In the digital age, we have the opportunity to stop paying for inefficient practices that are rooted in attachment to print. Instead, libraries have an increasing opportunity to move our money away from supporting these traditional publication practices and toward experiments that support scholarship. In recent weeks, I have seen several proposals—some already made public, like Knowledge Unlatched, and some still being formed—that will offer better return for library collection dollars. The defense of HBP makes the fairly inane point that “high-quality information…comes at a cost.” Of course there is a cost, but as the ones who pay those costs, we are entitled to ask if they are reasonable, or if they have been inflated way beyond the normal amount required to produce the product plus an acceptable profit. In the publishing industry, we can find plenty of evidence of the latter.
Breaking this cycle will not be easy. Libraries need to stand up to this kind of demand and decide what they can do without. Those decisions are inevitable, as we can see from the stories of the courageous librarian at SUNY Potsdam who has rejected package “deals” from both the American Chemical Society and Sage because the new pricing models would leave her without control over her own budget. But we can do more to take control. We can start refusing these ridiculous demands, in order to use those funds to support more sensible models of business that are transparent and that offer better value (including open access) for the money.
In short, we can insist, in a digital age with many new opportunities for experimentation, on real competition. It is no longer content we should be paying for but services associated with content. And as we move our budgets toward such services, we must demand transparency and competition.
In a post on the Scholarly Kitchen blog, publishing consultant Joseph Esposito talks about what a “web-scale university press” would look like. Esposito begins to imagine this world of services sold in association with free content. But he still seems tied to the standard models of business for this reimagined university press. Consider this remark:
Although this idea of a Web-scale press has an open access dimension, it is not OA for the usual reasons we hear about in the journals world—that is, because there is a great deal of demand for texts, but no budget to pay for them. University press books have the opposite problem, in that the demand for many monographs is simply insufficient to underwrite the publishing process.
The question he does not ask is whether the publishing process, as traditionally defined, really should be underwritten. One of the fundamental prerequisites for a web-scale publishing operation, it seems to me, is a radical reassessment of the entire process, seeking cost savings. That may happen in some cases, but we, the customers for academic work, certainly do not know about it and never see it reflected in the prices we pay. It would be a great shame if that ever-more-costly black box were just moved to the web as is.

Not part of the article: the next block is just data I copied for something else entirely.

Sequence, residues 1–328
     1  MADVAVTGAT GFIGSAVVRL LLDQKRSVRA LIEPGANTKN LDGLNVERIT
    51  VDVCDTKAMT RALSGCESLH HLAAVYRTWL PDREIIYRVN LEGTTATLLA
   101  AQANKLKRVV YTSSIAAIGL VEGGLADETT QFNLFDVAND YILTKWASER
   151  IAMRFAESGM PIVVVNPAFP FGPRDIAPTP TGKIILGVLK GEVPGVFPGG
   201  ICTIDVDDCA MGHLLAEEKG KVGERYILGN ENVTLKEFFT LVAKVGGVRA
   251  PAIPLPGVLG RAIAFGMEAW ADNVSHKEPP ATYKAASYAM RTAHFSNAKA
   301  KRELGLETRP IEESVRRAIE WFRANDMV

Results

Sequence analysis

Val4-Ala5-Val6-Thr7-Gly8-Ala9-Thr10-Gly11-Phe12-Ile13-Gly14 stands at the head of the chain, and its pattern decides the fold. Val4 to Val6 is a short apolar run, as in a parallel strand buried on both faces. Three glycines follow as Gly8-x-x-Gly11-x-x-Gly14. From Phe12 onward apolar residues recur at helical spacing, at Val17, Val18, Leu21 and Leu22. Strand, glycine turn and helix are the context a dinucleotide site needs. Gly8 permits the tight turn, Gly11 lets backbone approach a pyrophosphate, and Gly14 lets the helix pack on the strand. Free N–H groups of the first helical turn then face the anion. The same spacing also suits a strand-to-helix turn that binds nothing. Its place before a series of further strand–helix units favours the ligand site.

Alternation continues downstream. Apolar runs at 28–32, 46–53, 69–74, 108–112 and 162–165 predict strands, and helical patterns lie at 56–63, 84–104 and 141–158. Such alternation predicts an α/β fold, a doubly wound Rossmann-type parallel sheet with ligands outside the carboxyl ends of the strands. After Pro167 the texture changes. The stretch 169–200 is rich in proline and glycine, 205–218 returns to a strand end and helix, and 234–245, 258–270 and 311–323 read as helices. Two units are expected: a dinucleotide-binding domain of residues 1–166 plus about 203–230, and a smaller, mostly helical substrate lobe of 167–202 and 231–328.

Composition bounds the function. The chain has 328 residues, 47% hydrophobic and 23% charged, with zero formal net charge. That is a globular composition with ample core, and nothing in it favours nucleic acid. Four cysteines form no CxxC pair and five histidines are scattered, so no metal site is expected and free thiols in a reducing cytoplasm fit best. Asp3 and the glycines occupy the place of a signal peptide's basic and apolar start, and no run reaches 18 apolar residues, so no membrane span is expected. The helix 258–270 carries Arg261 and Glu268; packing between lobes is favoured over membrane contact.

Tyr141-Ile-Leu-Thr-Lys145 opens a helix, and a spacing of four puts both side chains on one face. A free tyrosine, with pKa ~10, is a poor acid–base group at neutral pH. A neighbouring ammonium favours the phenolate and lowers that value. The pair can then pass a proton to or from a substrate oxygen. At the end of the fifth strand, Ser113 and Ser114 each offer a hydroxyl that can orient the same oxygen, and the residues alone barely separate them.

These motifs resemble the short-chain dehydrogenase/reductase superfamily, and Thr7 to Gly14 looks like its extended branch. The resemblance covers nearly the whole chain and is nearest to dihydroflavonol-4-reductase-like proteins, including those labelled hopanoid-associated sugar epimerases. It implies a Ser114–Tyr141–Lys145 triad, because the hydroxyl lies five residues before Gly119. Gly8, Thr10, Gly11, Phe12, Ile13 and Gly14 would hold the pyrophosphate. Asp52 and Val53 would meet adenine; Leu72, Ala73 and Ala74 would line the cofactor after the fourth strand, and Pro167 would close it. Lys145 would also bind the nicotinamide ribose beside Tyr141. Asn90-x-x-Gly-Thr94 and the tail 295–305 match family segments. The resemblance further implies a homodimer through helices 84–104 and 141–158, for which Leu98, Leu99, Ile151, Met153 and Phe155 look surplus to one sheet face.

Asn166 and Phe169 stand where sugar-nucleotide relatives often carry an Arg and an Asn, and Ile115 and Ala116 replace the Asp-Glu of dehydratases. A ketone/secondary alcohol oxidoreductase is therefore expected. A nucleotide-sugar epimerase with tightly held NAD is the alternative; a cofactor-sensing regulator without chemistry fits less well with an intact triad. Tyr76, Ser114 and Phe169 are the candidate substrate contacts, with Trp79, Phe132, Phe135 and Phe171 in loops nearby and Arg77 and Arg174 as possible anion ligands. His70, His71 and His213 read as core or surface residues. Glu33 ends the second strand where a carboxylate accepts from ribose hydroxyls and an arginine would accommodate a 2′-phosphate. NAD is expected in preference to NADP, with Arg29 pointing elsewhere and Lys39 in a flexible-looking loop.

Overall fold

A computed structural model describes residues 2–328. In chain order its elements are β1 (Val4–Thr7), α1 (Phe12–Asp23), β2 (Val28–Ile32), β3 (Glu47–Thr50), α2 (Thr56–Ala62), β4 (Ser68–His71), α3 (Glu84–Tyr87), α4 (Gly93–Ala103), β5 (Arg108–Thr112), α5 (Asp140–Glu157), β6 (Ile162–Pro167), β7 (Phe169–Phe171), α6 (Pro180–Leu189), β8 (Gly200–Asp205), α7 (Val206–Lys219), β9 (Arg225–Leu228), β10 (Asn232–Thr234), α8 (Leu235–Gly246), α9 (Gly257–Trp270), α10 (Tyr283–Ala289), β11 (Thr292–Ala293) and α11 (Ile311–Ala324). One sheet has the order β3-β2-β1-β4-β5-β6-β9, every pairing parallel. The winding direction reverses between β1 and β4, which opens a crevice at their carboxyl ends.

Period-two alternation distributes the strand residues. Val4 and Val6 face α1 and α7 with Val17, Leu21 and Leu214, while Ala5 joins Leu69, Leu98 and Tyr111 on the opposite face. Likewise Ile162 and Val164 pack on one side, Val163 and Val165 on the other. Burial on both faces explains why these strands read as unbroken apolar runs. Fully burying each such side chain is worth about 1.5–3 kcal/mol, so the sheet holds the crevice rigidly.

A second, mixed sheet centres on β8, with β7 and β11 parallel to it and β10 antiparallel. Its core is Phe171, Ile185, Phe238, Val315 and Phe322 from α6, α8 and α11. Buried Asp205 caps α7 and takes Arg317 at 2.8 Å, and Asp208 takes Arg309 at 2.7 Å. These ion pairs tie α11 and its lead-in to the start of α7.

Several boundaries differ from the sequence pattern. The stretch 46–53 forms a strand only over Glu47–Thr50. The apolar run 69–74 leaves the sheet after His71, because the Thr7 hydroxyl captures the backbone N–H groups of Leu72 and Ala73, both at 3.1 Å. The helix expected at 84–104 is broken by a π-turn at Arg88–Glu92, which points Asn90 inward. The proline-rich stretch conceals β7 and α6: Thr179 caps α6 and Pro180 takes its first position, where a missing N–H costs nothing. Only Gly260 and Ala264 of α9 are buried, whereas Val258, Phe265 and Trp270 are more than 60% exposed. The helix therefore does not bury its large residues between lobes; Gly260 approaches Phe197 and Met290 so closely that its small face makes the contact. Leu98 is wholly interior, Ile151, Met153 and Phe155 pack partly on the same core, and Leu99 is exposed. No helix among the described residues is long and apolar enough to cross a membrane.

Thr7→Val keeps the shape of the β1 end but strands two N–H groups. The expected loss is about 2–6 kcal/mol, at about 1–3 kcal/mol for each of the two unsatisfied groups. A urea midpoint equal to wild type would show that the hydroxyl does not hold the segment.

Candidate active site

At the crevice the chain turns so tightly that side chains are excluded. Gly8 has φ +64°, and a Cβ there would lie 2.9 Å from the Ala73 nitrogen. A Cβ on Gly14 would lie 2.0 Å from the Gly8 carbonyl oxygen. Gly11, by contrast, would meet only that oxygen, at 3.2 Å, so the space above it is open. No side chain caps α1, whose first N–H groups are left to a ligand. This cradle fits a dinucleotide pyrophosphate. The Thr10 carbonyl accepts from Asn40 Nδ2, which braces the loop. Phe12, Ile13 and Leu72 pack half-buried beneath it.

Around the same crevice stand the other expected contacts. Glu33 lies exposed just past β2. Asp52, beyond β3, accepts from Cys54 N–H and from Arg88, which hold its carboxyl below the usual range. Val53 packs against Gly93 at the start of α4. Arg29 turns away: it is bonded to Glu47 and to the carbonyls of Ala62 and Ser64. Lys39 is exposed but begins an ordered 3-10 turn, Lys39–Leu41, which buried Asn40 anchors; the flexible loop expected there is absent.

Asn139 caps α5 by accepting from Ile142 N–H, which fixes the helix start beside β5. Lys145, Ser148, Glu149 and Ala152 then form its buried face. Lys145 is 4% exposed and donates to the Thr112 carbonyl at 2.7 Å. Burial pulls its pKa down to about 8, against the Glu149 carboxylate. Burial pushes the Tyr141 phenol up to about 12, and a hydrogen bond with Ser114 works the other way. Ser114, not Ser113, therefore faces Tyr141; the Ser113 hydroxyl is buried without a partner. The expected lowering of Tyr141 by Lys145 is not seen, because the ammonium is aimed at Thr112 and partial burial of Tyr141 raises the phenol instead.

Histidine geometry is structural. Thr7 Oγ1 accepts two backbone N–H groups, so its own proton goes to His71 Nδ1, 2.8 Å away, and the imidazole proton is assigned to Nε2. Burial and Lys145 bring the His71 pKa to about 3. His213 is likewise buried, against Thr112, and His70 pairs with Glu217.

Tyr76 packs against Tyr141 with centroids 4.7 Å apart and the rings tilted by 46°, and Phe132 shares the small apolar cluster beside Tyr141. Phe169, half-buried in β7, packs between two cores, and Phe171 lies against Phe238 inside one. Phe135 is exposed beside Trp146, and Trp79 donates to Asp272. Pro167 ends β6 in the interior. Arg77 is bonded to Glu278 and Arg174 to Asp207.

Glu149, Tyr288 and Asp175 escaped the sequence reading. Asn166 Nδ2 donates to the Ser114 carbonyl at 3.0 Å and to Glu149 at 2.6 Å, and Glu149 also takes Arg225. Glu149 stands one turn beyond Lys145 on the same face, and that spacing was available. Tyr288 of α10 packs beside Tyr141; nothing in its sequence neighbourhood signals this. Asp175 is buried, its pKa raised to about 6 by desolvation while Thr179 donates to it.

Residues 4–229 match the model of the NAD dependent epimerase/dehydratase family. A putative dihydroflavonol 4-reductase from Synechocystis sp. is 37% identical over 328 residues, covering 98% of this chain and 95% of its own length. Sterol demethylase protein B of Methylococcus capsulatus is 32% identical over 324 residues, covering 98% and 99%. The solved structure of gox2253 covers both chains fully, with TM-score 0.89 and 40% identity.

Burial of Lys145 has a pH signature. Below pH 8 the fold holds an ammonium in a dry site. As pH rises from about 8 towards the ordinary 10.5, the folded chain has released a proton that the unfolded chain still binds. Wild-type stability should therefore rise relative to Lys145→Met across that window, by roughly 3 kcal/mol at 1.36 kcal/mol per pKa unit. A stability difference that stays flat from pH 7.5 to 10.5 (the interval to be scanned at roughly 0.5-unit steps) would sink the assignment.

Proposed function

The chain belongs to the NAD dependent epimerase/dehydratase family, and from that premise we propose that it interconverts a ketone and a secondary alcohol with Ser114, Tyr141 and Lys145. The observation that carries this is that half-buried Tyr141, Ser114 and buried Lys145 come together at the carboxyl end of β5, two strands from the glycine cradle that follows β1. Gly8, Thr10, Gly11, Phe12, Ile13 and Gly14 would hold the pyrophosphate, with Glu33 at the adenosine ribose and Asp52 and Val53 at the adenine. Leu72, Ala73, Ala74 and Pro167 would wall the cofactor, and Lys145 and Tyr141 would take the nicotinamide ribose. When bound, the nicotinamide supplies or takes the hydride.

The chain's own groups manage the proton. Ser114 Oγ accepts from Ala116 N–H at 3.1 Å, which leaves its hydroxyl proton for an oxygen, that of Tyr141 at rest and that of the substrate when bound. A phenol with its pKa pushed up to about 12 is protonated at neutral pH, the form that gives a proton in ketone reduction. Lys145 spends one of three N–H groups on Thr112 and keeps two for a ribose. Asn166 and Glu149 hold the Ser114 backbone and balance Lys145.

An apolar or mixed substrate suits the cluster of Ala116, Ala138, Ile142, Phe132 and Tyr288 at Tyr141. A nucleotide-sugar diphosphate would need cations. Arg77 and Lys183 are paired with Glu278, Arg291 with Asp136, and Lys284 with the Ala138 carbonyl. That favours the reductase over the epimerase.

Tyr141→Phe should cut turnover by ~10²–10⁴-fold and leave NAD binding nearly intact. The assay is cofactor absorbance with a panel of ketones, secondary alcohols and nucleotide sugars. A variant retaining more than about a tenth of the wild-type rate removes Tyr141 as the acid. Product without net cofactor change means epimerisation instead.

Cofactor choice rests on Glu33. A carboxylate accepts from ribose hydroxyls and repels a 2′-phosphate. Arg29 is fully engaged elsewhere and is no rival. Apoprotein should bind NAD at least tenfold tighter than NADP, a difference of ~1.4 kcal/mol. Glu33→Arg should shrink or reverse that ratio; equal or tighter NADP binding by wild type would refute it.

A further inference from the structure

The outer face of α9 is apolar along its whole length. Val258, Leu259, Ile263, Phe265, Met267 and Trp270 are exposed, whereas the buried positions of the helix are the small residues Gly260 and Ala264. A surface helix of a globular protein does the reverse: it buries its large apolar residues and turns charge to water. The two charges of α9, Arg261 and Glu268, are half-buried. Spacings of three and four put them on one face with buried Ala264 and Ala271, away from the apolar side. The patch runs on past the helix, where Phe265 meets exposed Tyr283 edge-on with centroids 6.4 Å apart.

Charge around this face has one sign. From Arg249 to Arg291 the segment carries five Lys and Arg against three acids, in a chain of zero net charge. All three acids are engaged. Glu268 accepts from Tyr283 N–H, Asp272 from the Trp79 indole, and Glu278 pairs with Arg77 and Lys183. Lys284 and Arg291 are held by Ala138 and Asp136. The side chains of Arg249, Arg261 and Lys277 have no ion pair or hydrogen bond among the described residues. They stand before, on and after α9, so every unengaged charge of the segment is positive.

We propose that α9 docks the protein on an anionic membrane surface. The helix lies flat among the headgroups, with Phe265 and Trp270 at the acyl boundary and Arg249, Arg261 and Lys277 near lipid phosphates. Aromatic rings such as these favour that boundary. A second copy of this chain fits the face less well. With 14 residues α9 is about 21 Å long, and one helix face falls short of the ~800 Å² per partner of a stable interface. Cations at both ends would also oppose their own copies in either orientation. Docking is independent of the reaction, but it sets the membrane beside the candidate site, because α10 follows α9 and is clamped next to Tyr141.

At the end of his post, Esposito lays out the strategy for a web-scale publishing operation in five steps. Steps one thorough four are all excellent plans. But his step five is to “supplement the revenue stream with institutional support,” a strategy he justifies by saying that the revenue generated by a book, averaging $15,000–$30,000, “may not be enough to cover the allocable overhead.” Here is where we need to look very closely as publishing moves online and decline to support operations that are not run more efficiently. The web-scale press simply cannot do business as usual!
To Esposito’s five steps, I would add two more that seem necessary to me if we are going to fix the broken economics of publishing as we create web-scale publishing operations, whether those operations reside with university presses, societies, libraries, or some partnership. First, we need to rethink the traditional copyright assignment in scholarly works, so that creators have much more say in how their works are disseminated. Second, and closely related, we need to encourage competition among publishing venues, so that there is an incentive to be as efficient as possible and that both creators and users gain the benefits in improved services that competition can bring.